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Beautyblender Adds Blush, Skin Tint to Complexion Category

Beautyblender is rebuilding its brick-and-mortar business as it launches Skin Tint and Blush and hires a new chief marketing officer.

Beautyblender is simplifying as it plots a pandemic-proof path forward.

In May, the company found a chief marketing officer in Tomoko Yamagishi-Dressler, who previously spent 20 years at Shiseido Americas Corp. as an executive in marketing and sales. Yamagishi-Dressler joins Beautyblender as it prepares to release two new products that embody a minimal aesthetic that founder Rea Ann Silva said she finds to be “where I’m the most comfortable.”

Always On Radiant Skin Tint is a buildable, long-wear foundation with the texture of a serum and the skin benefits — hyaluronic acid and niacinamide — to match. Priced at $29, it comes in 20 shades, half the size of Bounce’s 40-shade offering, as each Skin Tint shade “can stretch from lighter or darker depending on how you sheer it out,” Silva told WWD.

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“It’s hard for me to fathom leaving the earth and not creating the perfect complexion product,” she said. “Complexion products [are] not necessarily theatrical, they’re problem-solving, easy-to-use, corrective but invisible. We’ve seen 54 steps, and it’s beautiful, but this is my sweet spot.”

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Skin Tint comes in glass packaging with a dropper applicator that is both a nod to Silva’s history as a professional makeup artist and a useful hygienic measure for pandemic times. Skin Tint will launch alongside Liquid Whip Cream Blush, $22, a cream-to-powder blush that comes in four shades packaged in see-through PCR plastic.

Silva declined to offer sales projections for both products, but industry sources estimate Skin Tint and Blush will do between $10 million and $15 million in first-year retail sales.

Both products will launch exclusively at Sephora. Beautyblender is also available at Ulta and will be available at Sephora at Kohl’s and Ulta at Target, both of which are expected to drive up Beautyblender’s brick-and-mortar business, which, unsurprisingly, took a hit during COVID-19.

“We’re very much into brick-and-mortar because of two reasons: first, the [company’s] starting point preempts the influencer market; secondly, the tools business is more a brick-and-mortar business because of impulse-buying,” said Carsten Fischer, Beautyblender’s president.

Business became “overwhelmingly digital” in 2020, Fischer said, though brick-and-mortar has since picked up.

“We sold six-digit units of our foundation in Sephora alone over the last 12 months,” Fischer said.

In April 2020, when COVID-19 prompted lockdowns throughout the U.S., Silva told CNBC television that she had furloughed 67 of her 115 employees. Speaking to WWD, Fischer said the business, which remains fully owned by Silva, has been exercising “financial discipline.”

“We are a company that needs to be very conscious about resources,” Fischer said. “It’s limited, but that also forces you to be more innovative, more deliberate in your choices and smarter. We have utilized the last couple of months to change our organization, add new capabilities and make sure that the funds we have are supportive not only of the launch, but of a sustained success. For this, we have to reduce working capital, making sure that we are lean, that our cash conversion cycle is correct and all of that.”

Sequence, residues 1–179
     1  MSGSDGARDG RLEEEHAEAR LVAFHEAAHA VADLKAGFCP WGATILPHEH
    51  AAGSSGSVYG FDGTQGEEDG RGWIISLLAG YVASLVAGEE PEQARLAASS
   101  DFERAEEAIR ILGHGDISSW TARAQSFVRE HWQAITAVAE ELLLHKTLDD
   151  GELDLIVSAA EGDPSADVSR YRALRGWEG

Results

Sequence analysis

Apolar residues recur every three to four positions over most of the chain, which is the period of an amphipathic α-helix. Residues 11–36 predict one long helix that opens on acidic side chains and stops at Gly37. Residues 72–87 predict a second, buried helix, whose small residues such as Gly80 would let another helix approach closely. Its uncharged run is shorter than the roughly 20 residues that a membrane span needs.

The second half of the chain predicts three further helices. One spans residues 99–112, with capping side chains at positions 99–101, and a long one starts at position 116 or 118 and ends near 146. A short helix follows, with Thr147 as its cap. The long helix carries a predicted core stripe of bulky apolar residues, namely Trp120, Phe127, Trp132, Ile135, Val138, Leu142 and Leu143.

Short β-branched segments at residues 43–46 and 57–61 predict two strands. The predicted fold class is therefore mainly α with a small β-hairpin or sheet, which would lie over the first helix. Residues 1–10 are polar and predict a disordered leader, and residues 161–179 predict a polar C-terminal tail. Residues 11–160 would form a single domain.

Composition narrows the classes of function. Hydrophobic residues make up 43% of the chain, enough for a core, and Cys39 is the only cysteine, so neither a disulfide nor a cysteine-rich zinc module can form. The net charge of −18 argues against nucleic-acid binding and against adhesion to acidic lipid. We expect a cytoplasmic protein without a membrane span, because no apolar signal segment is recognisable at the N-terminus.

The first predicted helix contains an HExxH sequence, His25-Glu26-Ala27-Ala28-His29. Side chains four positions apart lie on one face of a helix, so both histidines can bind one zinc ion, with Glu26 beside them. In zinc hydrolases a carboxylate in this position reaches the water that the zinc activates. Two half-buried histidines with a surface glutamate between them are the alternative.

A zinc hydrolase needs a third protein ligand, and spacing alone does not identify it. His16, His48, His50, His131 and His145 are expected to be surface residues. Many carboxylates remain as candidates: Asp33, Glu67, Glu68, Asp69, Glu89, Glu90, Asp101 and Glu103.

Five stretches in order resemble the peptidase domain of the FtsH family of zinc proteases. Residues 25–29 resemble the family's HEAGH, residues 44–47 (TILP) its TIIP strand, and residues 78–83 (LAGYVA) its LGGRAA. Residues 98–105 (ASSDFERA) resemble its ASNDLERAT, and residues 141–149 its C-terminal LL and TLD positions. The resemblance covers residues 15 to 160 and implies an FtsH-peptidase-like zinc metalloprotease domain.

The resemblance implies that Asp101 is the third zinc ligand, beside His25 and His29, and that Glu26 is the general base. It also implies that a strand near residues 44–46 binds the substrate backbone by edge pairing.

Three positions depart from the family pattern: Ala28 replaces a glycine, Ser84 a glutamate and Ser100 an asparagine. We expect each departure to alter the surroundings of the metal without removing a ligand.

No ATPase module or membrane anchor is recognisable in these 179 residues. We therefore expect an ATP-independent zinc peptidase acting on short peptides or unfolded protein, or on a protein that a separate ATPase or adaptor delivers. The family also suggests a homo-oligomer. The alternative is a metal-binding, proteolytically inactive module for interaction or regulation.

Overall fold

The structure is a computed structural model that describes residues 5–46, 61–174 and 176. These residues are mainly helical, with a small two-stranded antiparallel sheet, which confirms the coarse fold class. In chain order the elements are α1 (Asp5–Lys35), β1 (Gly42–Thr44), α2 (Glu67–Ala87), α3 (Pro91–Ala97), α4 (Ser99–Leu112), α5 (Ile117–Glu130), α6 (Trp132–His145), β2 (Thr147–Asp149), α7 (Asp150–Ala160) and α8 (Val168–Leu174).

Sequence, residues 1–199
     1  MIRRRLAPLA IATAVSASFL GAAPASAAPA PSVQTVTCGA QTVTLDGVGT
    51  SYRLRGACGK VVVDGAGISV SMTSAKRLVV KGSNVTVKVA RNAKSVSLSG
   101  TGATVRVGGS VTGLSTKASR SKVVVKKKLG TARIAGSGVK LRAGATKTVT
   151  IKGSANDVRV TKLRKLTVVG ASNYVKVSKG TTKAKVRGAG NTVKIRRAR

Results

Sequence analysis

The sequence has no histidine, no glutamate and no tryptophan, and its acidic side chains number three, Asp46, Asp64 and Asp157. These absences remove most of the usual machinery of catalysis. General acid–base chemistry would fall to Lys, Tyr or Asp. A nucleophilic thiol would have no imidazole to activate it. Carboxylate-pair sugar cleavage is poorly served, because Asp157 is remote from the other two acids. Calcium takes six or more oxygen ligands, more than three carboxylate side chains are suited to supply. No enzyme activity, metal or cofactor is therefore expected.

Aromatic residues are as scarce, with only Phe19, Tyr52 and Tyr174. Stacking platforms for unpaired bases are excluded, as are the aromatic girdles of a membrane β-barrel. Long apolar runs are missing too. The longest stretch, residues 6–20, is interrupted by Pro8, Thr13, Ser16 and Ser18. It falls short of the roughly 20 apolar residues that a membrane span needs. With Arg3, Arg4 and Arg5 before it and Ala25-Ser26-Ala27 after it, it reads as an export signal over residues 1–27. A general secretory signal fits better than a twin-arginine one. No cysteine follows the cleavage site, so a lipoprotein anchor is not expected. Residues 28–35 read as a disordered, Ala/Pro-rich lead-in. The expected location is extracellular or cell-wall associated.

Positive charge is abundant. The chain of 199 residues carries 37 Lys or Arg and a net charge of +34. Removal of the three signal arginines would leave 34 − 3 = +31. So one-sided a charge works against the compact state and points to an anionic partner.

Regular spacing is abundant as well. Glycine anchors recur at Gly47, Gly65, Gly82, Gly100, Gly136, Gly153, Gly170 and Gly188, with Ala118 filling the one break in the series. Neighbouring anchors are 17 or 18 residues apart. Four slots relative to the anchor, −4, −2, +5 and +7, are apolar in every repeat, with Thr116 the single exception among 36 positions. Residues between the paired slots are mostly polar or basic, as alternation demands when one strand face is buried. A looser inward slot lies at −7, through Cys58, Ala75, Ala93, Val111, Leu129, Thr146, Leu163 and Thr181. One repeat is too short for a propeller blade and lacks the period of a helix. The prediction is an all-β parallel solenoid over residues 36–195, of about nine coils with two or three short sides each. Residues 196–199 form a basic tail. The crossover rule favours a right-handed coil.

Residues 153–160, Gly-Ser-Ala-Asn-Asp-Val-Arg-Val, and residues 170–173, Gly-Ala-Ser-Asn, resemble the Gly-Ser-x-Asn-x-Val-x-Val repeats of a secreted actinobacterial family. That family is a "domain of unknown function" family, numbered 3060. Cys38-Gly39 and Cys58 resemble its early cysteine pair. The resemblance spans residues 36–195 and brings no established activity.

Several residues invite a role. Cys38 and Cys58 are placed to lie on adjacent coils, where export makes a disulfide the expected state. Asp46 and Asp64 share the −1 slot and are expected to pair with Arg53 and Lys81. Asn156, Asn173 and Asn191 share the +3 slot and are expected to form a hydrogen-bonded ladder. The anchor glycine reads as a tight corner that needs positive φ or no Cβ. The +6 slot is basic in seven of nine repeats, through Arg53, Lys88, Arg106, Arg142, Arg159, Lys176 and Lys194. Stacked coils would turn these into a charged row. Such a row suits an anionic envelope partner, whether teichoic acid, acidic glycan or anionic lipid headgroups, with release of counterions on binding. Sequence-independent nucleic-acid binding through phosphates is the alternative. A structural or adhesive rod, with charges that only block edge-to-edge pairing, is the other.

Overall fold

Since Fischer joined Beautyblender in 2019, he has changed Silva’s approach to hiring, the founder said.

“In the past, the mind-set was the busier we got, the more we hired,” Silva said. “The unfortunate part of COVID-19 was restructuring. We don’t have any financial backers or banks to say, ‘Can you lend me money?’ I am now smarter about the way I hire people. Before, I would look for a singular expertise. Now I look at someone that has experience in other areas, and I find that helps with the synergy of the team.”

Restructuring also involved refocusing on Pennsylvania as Beautyblender’s headquarters and warehouse and Los Angeles as its product development center.

“That helps us to scale up better and work as an integrated team,” Fischer said.

Tomoko Yamagishi-Dressler Beautyblender
Tomoko Yamagishi-Dressler, Beautyblender’s chief marketing officer. Courtesy of Beautyblender

With Yamagishi-Dressler now part of the leadership team, Beautyblender is focused on improving its digital experience. Already, it has shade-matching tools of its own, and customers shopping via Sephora’s website can use the retailer’s shade-matching capabilities, too.

Beautyblender will focus on expanding digital storytelling on its own website, and with the new products entering Sephora at Kohl’s and Ulta and Target, Yamagishi-Dressler sees much new consumer opportunity.

“The makeup enthusiasts know us very well,” Yamagishi-Dressler said. “What I’ve learned in a short period of time is that this is amazing for people who are novice, maybe not so comfortable applying makeup. That is the new frontier. We are testing a lot of influencer marketing, even new moms — somebody who’s busy but also professional. I think there’s a huge opportunity there, and a huge opportunity to build complexion beauty leveraging Rea Ann’s expertise as a professional makeup artist. Our tools and products exist to make things easy for the consumer.”


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